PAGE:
Uranium is a silver-colored heavy metal that is malleable, ductile, softer than steel and nearly twice as dense as lead. In nature, uranium is generally found as an oxide, U3O8 and UO2, of which U3O8 is the most stable and occurs in as the olive-green-colored mineral pitchblende. Uranium atoms exist as several isotopes, of which the more common are uranium-238, uranium-235, and uranium-234. All three isotopes are radioactive and emit alpha and beta particles and waves of pure energy such as gamma and X-rays.
The uranium-235 isotope is capable of fission which occurs when the nucleus is split into two parts when one neutron is absorbed. During splitting, enormous amounts of energy are released making this isotope of uranium valuable for use in nuclear reactors to generate electricity, defense applications and in small reactors to produce isotopes for medical and industrial purposes.
The three most important geological settings for uranium resources are sedimentary hosted (Kazakhstan), unconformity-related (Australia and Canada) and iron oxide breccia complexes (Australia).
Following the energy crisis in the mid-70s, exploration for and utilization of uranium increased significantly over a short period of time. Three major accidents: Three Mile Island in 1979, Chernobyl in 1986, and Fukushima Daiichi in 2011 resulted in a significant decrease in the demand for uranium over time. Uranium exploration and mine development expenditures declined from over US$2 billion in 2014 to US$663 million in 2016 in response to a sustained depressed uranium market since 2011.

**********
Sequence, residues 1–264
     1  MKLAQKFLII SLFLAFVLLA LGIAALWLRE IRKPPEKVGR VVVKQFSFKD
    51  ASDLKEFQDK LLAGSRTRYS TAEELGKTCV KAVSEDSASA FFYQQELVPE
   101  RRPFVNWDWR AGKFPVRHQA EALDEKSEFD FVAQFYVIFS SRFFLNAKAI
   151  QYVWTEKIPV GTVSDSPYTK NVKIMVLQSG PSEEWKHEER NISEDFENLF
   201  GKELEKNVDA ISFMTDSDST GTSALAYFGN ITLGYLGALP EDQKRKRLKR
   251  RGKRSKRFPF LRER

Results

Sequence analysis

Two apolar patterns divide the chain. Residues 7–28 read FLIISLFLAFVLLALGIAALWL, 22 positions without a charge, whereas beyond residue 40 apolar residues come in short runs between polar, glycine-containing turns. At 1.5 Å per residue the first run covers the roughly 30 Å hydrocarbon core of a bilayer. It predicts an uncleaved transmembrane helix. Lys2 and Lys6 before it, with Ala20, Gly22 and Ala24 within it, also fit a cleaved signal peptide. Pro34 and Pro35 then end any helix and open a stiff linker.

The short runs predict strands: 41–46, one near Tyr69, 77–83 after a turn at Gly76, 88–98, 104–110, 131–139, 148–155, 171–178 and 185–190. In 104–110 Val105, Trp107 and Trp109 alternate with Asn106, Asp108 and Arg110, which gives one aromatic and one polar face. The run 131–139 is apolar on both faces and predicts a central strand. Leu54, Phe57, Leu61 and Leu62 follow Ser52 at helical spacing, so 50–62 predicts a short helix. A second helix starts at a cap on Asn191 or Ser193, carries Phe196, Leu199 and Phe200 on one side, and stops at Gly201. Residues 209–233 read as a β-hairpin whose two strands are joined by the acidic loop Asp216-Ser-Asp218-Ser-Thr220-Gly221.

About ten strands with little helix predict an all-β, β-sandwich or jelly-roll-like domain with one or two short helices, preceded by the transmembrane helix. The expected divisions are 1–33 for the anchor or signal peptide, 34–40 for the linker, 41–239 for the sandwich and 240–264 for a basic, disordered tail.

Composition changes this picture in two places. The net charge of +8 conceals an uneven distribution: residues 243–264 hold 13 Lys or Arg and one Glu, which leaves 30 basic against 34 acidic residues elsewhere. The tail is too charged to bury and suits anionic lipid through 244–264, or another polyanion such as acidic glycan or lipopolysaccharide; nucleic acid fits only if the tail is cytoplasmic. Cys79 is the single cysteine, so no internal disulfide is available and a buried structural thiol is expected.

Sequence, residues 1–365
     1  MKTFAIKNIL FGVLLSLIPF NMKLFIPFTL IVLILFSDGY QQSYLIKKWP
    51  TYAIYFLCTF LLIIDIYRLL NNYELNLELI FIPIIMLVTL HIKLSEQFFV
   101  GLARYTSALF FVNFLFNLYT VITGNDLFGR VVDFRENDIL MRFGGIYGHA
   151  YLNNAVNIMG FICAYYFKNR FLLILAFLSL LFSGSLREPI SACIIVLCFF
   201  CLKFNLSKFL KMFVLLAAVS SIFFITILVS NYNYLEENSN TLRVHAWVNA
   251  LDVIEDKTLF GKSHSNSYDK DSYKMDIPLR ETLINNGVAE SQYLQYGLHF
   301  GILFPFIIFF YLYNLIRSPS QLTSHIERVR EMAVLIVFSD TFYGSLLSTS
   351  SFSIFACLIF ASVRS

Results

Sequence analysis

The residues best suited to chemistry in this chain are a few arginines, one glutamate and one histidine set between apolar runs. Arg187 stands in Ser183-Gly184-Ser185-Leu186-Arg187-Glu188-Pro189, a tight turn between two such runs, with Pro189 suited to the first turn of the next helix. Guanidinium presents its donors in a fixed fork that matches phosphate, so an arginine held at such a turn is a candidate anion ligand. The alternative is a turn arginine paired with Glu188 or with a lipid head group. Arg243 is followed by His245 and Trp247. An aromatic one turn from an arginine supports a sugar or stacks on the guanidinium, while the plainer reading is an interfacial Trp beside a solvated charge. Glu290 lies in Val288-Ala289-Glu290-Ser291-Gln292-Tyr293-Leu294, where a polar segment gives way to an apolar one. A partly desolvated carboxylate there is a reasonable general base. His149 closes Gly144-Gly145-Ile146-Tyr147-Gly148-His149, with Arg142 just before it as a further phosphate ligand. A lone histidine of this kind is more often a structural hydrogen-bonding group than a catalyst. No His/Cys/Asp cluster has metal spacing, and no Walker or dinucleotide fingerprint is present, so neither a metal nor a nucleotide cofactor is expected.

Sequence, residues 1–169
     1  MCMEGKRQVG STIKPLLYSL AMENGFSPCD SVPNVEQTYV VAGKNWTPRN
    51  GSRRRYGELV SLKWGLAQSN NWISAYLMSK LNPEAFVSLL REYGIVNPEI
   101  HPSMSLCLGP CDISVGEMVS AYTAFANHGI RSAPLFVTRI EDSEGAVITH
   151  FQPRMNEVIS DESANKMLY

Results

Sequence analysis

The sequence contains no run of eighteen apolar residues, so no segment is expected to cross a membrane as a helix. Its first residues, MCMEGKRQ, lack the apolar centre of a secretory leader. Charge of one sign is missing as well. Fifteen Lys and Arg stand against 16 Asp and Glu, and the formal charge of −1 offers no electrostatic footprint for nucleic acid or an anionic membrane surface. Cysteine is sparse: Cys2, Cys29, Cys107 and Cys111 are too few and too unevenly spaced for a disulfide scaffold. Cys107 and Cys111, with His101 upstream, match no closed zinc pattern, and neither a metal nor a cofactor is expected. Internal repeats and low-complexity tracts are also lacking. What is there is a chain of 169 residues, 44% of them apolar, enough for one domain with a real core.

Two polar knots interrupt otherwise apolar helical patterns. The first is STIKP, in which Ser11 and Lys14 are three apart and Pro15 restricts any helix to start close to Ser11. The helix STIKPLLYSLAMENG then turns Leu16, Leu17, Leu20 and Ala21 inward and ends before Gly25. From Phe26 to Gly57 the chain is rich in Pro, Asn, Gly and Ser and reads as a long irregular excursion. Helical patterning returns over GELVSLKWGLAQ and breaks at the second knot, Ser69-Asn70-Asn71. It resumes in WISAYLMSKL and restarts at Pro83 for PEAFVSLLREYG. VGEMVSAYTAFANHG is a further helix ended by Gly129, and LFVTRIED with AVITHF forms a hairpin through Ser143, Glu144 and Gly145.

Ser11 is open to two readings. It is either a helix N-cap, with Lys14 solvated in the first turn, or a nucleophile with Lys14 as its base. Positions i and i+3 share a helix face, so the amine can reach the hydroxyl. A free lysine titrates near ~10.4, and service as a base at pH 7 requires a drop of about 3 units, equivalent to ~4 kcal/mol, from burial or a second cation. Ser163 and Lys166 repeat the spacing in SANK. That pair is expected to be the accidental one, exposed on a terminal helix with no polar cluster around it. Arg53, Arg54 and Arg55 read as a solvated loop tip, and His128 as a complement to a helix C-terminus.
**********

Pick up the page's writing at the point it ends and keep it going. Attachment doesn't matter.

Recently the role of uranium in a low-carbon energy future is being assessed. A nuclear power plant over its lifetime has an emission footprint of 4g of CO2/kWh, similar to wind (4g -12g CO2/kWh) and solar (6g CO2/kWh), in sharp contrast with coal power generation, incorporating carbon capture storage, of 109 g of CO2/kWh. The footprint of mining to support nuclear power is tiny as compared to extractive activities for oil, coal, and gas due to the high energy density of uranium fuel. Currently nuclear energy supplies approximately 10% of electricity globally. To support future clean energy demands and to diversify uranium supply the demand for uranium is expected to grow significantly. However future exploration and mining of uranium will need to proceed with minimal environmental and public health impacts.
The majority (67%) of the world’s uranium resources are held by Australia, Kazakhstan, Canada, Russia and Namibia. Additional resources apart from the traditional uranium mining districts have been identified in Bulgaria, Cameroon, Egypt, Guinea, Mauritania, Guyana and Peru. Currently Kazakhstan produces around 18% of annual world production by In Situ Leaching (ISL) mining methods while Canada produces 10% of annual world production by underground mining methods.
How APEX Helps
APEX has extensive experience in the exploration, evaluation, geological modelling and mineral resource estimation of uranium deposits and has completed Technical Reports for uranium deposits in South America (Argentina), United States (New Mexico), in the Athabasca Basin (Alberta and Saskatchewan) and Nunavut (between Angikuni and Yathkyed Basins).
APEX is skilled at planning and executing large, helicopter-supported, uranium drill programs in the Canadian Arctic. APEX is committed to ensuring all exploration is conducted as safely as possible and APEX personnel are trained in the use of appropriate personal health monitoring measures in accordance with Health Canada regulations. APEX has completed uranium drill programs in the Arctic during all seasons.